You can read the scripture for August 12, 2018 here.
Sermon August 12, 2018
2 Sam 18:5-9, 15, 31-33
John 6:35, 41-51
Today is the 2nd week of a month long lectionary series on the Bread of Life from the gospel of John. There’s a famous trope in seminary that one dreads the Year B summer lectionary precisely because of this four week long bread discussion. I’m still new enough in my priesthood that I’m not yet ready to ditch John and focus exclusively on the Hebrew Bible passage instead. But the existence of that trope made me think about the larger context of the whole Bread of Life series, and that’s what I want to focus on today.
Part of the reason I am particularly drawn to the Bread of Life passages is that they were, for me as a child, what theologian Phyllis Trible refers to as texts of terror. Given the dominant (and by dominant, I mean loudest and most attention getting) understanding of “what it means to be a Christian” in our country right now, that terrorizing interpretation is still disseminated far too often. Perhaps some others here remember hearing these bread of life verses preached about in other worship spaces and wondering with trepidation if you were among the chosen few who would be allowed a place at the table. Those who would somehow “make the cut” with God and be saved. Growing up in the deep south in the 70s, I know I heard that kind of exclusionary preaching way too often.
One of my favorite Union seminary classes was taught by my beloved advisor, the great champion of inclusion and interfaith dialogue, Paul Knitter. Paul had his priestly and theological formation in Rome during Vatican II. That experience was so formative for him that he never lost the spirit of curiosity, openness, and welcome he gained from it. He went on to build a theological career around engaging with other faith traditions, and wrote many books including his most famous one: Without Buddha, I could not be a Christian. Largely because of his open mindedness, Paul holds the peculiar distinction of having been personally declared a heretic by then cardinal Ratzinger, later Pope Benedict XVI. It was certainly amusing to sit in class and hear Paul reminisce about arguments he had engaged in with the then sitting Pope. Paul — who is, by the way, one of the gentlest, kindest people you could ever meet, would say the name Ratzinger with a zestful relish, perhaps with a little edge. I guess that goes to show that even the kindest and most open folks sometimes run into someone who gets under their skin.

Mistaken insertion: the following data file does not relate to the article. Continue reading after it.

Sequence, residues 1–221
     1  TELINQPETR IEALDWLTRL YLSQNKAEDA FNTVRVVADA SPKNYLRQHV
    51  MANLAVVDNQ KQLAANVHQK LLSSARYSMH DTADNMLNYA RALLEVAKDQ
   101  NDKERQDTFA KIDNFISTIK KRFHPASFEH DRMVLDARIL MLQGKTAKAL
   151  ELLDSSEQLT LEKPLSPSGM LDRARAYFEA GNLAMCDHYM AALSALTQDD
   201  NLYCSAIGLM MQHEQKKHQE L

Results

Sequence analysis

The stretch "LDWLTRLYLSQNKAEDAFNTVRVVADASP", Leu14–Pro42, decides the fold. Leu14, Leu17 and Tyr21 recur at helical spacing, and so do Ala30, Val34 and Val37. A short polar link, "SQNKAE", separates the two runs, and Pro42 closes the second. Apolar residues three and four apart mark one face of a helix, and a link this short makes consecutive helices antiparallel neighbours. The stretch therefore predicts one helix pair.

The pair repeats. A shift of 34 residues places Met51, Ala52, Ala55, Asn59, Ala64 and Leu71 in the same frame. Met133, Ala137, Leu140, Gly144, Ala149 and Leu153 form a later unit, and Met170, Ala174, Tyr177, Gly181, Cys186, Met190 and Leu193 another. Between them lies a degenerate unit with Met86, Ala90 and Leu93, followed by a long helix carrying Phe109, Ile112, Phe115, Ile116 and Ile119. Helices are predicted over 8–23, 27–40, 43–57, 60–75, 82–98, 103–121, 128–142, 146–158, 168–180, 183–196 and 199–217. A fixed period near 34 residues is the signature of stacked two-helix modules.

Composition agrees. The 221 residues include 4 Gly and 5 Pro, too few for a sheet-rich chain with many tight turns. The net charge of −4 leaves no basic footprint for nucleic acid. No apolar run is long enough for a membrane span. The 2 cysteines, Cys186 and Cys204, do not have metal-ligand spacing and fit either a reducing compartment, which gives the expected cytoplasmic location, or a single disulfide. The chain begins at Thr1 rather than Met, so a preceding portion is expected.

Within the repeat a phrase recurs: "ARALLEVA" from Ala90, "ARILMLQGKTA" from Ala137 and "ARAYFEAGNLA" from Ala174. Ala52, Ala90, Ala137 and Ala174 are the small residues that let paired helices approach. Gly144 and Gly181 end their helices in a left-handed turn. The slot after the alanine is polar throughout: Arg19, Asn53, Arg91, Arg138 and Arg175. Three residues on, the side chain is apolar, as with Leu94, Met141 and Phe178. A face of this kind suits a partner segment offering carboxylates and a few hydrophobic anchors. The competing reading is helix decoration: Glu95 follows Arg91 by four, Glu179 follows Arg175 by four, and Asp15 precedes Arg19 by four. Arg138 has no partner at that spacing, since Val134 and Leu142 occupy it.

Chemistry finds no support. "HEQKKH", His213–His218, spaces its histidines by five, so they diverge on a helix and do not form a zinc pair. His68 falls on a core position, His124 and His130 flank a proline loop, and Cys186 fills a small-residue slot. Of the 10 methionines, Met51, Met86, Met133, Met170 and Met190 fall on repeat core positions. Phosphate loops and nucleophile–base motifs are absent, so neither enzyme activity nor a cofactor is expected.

This particular course was titled: Dealing with Diversity. The class studied how different itera-tions of Christianity reckoned with the existence of other religious traditions. Over the semester, we looked at the specific theological models of how various types of Christians understand salvation -particularly, how they understood/explained who will (or will not) be allowed a place at the heavenly banquet. It goes without saying that we don’t have time to get into those various theological models this morning, but it was a fascinating exercise.
The key takeaway that I personally gleaned from the class was that our default attitude towards the other — whatever other that may be — religious, racial, abled, gendered, national, classed — actually reveals our deepest convictions of how we think (or fear) God sees us. So how we treat “the other” is how we secretly think (or fear) we will be treated by God.
And that should be good news for us. Because as followers of Jesus, as people who read and study the Bible, despite whatever proof texts others might pull out to say the contrary, the over-whelming majority of scripture says that we should welcome the stranger – for when we do so, we welcome God. God desires us to be hospitable to the other, because the stranger is beloved of God. And here’s even better news: given that we are the other to someone else, that means that we too are beloved of God. God doesn’t cut out anyone out. We are all included.
So what then should we make of a passage like the following from today’s gospel?
“No one can come to me unless drawn by the Father who sent me. Everyone who has heard and learned from the Father comes to me. Very truly, I tell you, whoever believes has eternal life. I am the bread of life.”
This is exactly the kind of text that I have too often heard interpreted as “you see, Scripture says you have to accept Jesus personally as your Lord and Savior and be born again, or else you will go to Hell.”